3 must-watch talks on Legacy Code

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First of all, I received an interesting question this week:

Just wondering, what is the story behind the name: The Legacy of SoCraTes? And also the last word’s capitalization?

If you were wondering the same, I’m happy to solve the mystery for you now 😉

SoCraTes stands for Software Craft and Testing. The pun is intended. It’s a series of (un)conferences where people regroup to discuss software dev best practices.

The story behind “The Legacy of SoCraTes” edition is that I felt it was hard to find good talks on the topic of Legacy Code.

In March 2020, I was wrapping up the “SoCraTes Canada” conference, just before lockdown started in Canada (and around the world). Because the pandemic made the next IRL SoCraTes event very uncertain (spoiler: there was no edition in 2021). I decided to do something remotely. I reached out to Adrian Bolboaca, who also wanted to do something about Legacy Code, and we crafted “The Legacy of SoCraTes” from that.

The Legacy of SoCraTes is a remote conference. It’s probably more like a meetup, actually. The event is free. I find 4-5 diverse speakers to share their expertise on a topic that touches Legacy Code and voilà!

As of today, we had 8 editions. We will probably do the next one in March 2022. Since you are following my updates, you will know about it before anyone else 😉

In the meantime, you can watch all previous editions on the YouTube channel.

My top 3 🏆

As of December 2021, we have recorded 37 talks on the channel. That is overwhelming.

If you are not looking for a topic in particular but would like to learn useful things to work with Legacy Code, I’ve selected 3 talks for you!

“Design patterns for modernizing legacy codebases” by Matthias Noback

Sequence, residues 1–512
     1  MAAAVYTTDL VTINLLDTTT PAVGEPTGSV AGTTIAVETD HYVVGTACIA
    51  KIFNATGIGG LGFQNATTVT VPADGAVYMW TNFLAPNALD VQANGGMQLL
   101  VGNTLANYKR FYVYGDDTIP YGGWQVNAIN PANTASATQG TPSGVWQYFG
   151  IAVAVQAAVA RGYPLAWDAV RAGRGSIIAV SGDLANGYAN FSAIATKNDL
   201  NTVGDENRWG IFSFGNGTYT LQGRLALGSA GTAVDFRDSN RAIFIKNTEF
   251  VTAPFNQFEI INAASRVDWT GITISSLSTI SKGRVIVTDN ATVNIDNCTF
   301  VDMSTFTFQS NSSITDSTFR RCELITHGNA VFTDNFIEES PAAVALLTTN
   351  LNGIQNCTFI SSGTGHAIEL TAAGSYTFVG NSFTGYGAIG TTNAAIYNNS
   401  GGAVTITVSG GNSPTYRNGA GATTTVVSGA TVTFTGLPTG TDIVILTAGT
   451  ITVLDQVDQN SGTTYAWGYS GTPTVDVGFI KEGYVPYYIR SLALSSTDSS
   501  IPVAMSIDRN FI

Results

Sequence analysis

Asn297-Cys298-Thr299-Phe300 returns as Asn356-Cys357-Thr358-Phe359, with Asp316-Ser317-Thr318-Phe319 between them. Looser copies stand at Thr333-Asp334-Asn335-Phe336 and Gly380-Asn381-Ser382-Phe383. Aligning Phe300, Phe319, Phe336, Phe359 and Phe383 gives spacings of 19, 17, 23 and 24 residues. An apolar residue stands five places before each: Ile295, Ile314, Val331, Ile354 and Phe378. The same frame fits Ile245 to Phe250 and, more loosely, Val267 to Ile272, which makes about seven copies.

Matthias Noback is one of my favorite sources of knowledge. His book Advanced Web Application Architecture is tremendously useful when working on the web.

I really like how Matthias approaches architecture from existing code. More often than not, I have to work with an imperfect, existing codebase. Having tools and techniques to refactor such a system is gold!

This talk is a sneak peek of the book. Discover a few design patterns that can really help you refactor existing code:

“Rewriting Legacy Code” by Anna Filina

Anna Filina is an absolute expert in Legacy Code. I’ve had the pleasure to meet her at different conferences. She’s an important source of inspiration for me.

In this talk, she raises the question: did you ever have to maintain a 15-year-old application? Dead code and tables everywhere, static methods, database queries in between HTML tags, and some pages still in PHP3 🙀

Anna leads you through a progressive rewrite from a very old legacy to the latest shiny version of PHP. She covers a bunch of useful topics such as:

  • How to automate legacy testing
  • How to seamlessly jump between the old and new parts
  • How to overcome other challenges that arise from dealing with legacy

“How to Read Complex Code” by Dr Felienne Hermans

Dr. Felienne Hermans is the author of The Programmer’s Brain. She focuses on how your brain works, especially when working with unfamiliar code.

How to read code more efficiently? How to understand complex code? How to be more effective and empathic?

Felienne gives some insights in her talk. I really like how you can experiment it yourself with her little experiment.

Let’s dive into Long-Term Memory, Short-Term Memory, and other brain concepts:

If you never watched some of these talks, I recommend you schedule some time in your calendar to do so (~30min should do for each talk).

Of course, there is more! Many more that I didn’t pick here, but which are great too, such as Jim’s talk on Hexagonal Architecture, Emily explaining Approval Testing, Adrianna presenting how Shopify refactors very large codebases, etc.

To many more 🍻

Nicolas Carlo

Written by Nicolas Carlo who lives and works in Montreal, Canada 🍁
He founded the Software Crafters Montreal community which cares about building maintainable softwares.

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